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February 4, 2010

Blake Charlton experiences suffering
Posted by Teresa at 09:49 PM *

I haven’t met Blake Charlton or read his novel, Spellwright, but everyone I know who’s met him says he’s a very nice guy. Everyone I know who’s read his book—it’s about a student wizard who’s working in a spell-based magical system, only he’s dyslexic—says it’s charming, even the ones who don’t normally like fantasy.

Spellwright is his first novel. He’s written it in his copious spare time as a medical student at Stanford. Its official release date is less than a month from now. This is how he’s come to write What Happens to a Debut Author’s Brain on #Amazonfail.

He’s not alone. There are first-time authors published by Macmillan whose books came out last week. There are authors whose first novels were published last month, and were just starting to get word-of-mouth sales traction. And so forth. And so on. They have nothing to do with the fight over ebook prices, but Amazon is screwing them over just the same.

Comments on Blake Charlton experiences suffering:
#1 ::: Carrie V. ::: (view all by) ::: February 04, 2010, 11:14 PM:

Okay, that was awesome. But you want to know where my brain is at the moment? The first thing I thought after reading that was, "Holy crap, Paolo wrote 10,000 words today?" Then I had to go check his Facebook profile. And sure enough, he really really did.

I think I need to get off the internet for awhile.

(number of words written today: *mumblemumble*)

#2 ::: Tom Whitmore ::: (view all by) ::: February 05, 2010, 12:23 AM:

Well, we know for sure that you wrote 65!

#3 ::: Kevin Riggle ::: (view all by) ::: February 05, 2010, 12:42 AM:

This is the bit I don't get about #AmazonFail. It's annoying! To everyone! I'm not even a published author, I'm just some random-ass customer of Amazon's, and it's cramping my style! Why would you do that? I want to give you money! Dear Amazon, can't you do like the rest of the civilized world does when two gigantic international megacorps get in a snit and just SUE the bastards? You know your attack lawyers needed the exercise anyway.

Aaaaaugh. I don't want to have to care about the minutia of e-book pricing except when I'm staring at the "buy" button next to one!

#4 ::: j h woodyatt ::: (view all by) ::: February 05, 2010, 12:44 AM:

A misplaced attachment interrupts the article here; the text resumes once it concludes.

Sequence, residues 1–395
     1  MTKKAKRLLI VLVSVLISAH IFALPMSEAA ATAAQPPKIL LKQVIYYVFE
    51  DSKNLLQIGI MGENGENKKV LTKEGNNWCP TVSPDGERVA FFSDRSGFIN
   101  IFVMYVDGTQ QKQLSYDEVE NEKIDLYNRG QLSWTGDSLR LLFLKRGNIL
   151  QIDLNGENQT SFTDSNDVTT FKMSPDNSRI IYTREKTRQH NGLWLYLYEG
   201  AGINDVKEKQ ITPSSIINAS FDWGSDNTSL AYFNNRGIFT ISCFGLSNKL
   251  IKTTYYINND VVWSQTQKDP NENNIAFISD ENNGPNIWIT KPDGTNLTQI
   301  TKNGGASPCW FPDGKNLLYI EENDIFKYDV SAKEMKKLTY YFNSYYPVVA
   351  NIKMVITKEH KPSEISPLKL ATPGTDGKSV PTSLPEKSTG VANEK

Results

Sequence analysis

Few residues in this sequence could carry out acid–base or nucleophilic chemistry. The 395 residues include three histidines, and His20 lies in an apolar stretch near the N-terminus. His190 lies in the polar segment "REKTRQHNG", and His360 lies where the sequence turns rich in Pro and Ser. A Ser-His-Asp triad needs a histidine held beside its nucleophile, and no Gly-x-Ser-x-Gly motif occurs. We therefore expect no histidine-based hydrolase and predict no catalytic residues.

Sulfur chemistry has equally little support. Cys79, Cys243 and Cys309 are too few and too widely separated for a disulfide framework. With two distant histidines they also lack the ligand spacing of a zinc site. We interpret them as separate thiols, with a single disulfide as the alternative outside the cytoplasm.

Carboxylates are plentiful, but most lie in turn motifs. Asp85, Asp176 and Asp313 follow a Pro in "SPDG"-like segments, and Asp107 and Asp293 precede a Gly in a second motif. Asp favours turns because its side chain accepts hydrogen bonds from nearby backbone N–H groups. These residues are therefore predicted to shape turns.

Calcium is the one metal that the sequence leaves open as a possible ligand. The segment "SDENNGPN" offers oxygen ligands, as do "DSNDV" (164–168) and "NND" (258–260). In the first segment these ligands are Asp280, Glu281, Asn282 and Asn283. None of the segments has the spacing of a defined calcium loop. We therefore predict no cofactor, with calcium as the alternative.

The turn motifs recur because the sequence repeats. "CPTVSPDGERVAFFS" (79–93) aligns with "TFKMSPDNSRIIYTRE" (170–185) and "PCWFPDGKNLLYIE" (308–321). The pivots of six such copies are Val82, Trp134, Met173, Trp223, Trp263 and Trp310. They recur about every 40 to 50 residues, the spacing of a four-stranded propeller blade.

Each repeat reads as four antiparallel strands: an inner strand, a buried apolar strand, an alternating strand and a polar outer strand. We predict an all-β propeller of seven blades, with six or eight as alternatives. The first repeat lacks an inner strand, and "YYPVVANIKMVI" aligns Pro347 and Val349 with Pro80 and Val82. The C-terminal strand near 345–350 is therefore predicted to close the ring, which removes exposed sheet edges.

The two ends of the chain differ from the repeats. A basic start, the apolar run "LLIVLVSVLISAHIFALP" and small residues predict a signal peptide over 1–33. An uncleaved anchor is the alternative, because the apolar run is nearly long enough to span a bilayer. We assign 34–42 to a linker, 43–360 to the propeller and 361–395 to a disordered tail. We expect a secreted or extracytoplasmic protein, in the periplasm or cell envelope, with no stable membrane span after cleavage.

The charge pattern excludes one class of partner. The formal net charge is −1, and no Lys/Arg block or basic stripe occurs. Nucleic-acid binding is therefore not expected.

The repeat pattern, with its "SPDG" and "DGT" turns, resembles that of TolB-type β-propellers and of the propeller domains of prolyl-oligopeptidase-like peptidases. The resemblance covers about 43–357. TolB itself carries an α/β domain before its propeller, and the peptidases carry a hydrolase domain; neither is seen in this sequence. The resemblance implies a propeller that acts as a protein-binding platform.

I wrote about 600 words today after spending the entire day slaving over a hot laboratory bench, just down the road from the Holiday Inn Express where I'm staying in Durham, NH.

While have lots of empathy for him, I'd certainly prefer Mr. Charlton's form of suffering over the one I'll be facing if Amazon manages to get away with throwing this spitball. I would be much happier if there was a publishing industry that was more able and interested in taking risks on new authors, and I'm not optimistic about the prospects for that if big retail continues to be able to dictate prices to publishers.

#5 ::: Laura Runkle ::: (view all by) ::: February 05, 2010, 01:25 AM:

Authors, customers, I can't see who wins here. Really I can't. I do see that my planned Valentine's Day gift for my husband, using Amazon gift certificates purchased through the school's scrip program has gone down the toilet. And I have some attractively printed expensive paper that's too stiff for use in the smallest room in the house. It may be worth something in the future, but the book I wanted to get can't be gotten there.

I can't gripe too loudly, though. My town has an independent new/used bookseller that splits the bookseller's discount with the customer. They get a *lot* of special orders. They'll get one more tomorrow.

#6 ::: Paul Duncanson ::: (view all by) ::: February 05, 2010, 05:39 AM:

I'm not sure if that would have been less funny if I hadn't read it immediately after returning from washing clothes and while my bedroom is still dominated by a protean pile of cleaned but unfolded laundry, but it doesn't matter - I am totally buying his book (and not from *m*z*n, either).

#7 ::: rea ::: (view all by) ::: February 05, 2010, 08:29 AM: